The committee, which was announced last month, is being led by Lord Neuberger, the head of the Court of Appeal, and will be composed of legal and media experts. One notable absence, as Joshua Rozenberg blogs, is Mr Justice Eady, who has been responsible for many of the more controversial “super injunctions”.

The new Coalition Government have pledged to “reform libel laws to protect freedom of speech“. Cases involving libel, defamation and super-injunctions have seen two competing European Convention rights fighting it out; Article 8 (right to privacy) versus Article 10 (freedom of expression).

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Singh libel case dropped in light of robust Court of Appeal judgment

15 April 2010 by

The British Chiropractic Association (BCA) has dropped its libel action against Simon Singh, in light of the stinging rebuke it received from the Court of Appeal earlier this month.

Dr Singh was being sued by the BCA in respect of an article he wrote in The Guardian (now reprinted) in April 2008, in which he said there was not enough evidence to prove that chiropractic treatment is effective against certain childhood conditions including colic and asthma.

We posted on April 1 on the preliminary decision. The Court of Appeal judges used their judgment on two preliminary issues (in particular, whether Dr Singh could use the defence of “fair comment”) to mount a robust and somewhat lyrical defence (quoting Milton, amongst other things) of the right to scientific freedom of expression.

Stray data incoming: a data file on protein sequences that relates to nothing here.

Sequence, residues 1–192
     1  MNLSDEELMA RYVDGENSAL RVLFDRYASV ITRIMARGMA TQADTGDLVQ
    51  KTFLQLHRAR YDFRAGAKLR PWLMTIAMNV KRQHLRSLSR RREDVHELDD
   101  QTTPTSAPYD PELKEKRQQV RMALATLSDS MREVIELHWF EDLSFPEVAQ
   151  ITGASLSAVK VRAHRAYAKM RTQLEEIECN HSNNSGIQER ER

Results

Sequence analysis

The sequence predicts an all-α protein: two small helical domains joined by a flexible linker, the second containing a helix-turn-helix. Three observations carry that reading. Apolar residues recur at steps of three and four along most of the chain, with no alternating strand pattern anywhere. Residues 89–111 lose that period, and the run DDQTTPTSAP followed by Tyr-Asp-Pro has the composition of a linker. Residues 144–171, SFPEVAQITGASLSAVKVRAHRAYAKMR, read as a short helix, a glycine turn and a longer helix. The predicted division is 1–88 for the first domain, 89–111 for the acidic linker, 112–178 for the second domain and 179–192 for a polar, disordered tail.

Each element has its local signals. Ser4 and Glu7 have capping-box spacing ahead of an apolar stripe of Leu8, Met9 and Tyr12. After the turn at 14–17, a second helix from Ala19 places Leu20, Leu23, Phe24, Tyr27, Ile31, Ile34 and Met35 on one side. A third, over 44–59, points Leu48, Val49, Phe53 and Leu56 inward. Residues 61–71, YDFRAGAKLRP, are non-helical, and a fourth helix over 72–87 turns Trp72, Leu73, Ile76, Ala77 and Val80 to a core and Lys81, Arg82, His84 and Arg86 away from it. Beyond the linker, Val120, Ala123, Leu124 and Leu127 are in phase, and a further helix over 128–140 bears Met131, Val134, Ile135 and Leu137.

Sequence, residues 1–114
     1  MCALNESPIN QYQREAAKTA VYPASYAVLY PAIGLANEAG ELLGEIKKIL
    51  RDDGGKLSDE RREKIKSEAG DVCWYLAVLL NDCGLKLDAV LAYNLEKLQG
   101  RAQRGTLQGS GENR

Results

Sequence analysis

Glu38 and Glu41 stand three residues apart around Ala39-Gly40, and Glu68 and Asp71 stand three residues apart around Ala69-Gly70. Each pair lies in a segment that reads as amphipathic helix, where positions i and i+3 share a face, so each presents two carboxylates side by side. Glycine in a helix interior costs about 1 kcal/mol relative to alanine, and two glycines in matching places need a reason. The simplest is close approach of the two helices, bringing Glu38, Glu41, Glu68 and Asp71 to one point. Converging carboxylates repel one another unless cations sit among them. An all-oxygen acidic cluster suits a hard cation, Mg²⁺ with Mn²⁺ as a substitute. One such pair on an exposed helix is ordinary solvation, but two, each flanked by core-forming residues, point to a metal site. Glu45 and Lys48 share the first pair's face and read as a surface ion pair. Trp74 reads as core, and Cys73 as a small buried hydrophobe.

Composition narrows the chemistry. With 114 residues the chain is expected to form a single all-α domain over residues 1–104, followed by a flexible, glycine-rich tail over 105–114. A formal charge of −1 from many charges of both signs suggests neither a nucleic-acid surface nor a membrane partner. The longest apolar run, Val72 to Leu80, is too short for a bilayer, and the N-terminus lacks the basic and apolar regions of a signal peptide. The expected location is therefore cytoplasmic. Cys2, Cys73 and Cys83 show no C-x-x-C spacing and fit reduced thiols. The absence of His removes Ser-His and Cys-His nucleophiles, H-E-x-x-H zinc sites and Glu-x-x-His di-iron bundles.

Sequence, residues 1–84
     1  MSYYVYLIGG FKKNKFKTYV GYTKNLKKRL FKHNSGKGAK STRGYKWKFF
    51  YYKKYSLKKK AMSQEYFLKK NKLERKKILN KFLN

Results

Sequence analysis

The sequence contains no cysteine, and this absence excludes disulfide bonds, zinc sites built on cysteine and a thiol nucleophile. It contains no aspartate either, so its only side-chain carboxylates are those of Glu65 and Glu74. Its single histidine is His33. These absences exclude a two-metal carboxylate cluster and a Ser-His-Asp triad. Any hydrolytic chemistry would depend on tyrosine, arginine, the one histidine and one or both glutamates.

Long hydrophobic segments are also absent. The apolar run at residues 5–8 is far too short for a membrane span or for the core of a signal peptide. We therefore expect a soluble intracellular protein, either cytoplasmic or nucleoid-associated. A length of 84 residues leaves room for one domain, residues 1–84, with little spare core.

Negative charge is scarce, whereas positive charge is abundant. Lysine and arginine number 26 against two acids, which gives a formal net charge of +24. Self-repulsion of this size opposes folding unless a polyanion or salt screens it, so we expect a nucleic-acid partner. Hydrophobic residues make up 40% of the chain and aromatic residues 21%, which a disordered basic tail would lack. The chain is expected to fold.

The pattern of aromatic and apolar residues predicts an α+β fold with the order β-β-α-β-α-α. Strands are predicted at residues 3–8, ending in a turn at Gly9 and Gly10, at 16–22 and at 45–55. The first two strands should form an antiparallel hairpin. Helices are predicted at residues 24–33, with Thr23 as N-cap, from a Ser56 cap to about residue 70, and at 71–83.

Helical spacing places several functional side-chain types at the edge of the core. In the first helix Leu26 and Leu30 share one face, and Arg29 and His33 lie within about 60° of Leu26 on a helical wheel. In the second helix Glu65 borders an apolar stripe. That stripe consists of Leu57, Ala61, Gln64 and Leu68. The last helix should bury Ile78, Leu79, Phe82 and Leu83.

Given the unusually strong tone of the Court of Appeal judgment, the BCA will have questioned their chances of success in the final hearing. The BCA say in their statement:

The Court of Appeal, in its recent judgment, has taken a very different view of the article [than Mr Justice Eady in the High Court]. On its interpretation, the article did not make any factual allegation against the BCA at all; it was no more than an expression of ‘honest opinion’ by Simon Singh. While it still considers that the article was defamatory of the BCA, the decision provides Dr Singh with a defence such that the BCA has taken the view that it should withdraw to avoid further legal costs being incurred by either side.

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High Court defends freedom of expression for news websites

12 April 2010 by

SAMUEL KINGSFORD BUDU v THE BRITISH BROADCASTING CORPORATION [2010] EWHC 616 (QB), 23 March 2010

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A claim for libel in respect of three articles in a news website’s archive has been struck out in the Hight Court by Mrs Justice Sharp. When read in context, the articles were incapable of bearing the alleged defamatory meaning, the publisher had attached Loutchansky notices to them, and it would be a disproportionate interference with the publisher’s rights under ECHR Article 10 to allow the claim to proceed where it had been brought after four years had passed since the publication of the articles.

Summary

The Claimant brought proceedings in respect of three archived articles published by the BBC in mid 2004. They related to the decision of Cambridgeshire Constabulary to withdraw an oral job offer made to the Claimant after subsequently investigating the legality of his immigration status. Within weeks of first being published, the articles became accessible only in the archive, via search engines. The action related to the articles in the archive and the related Google snippets.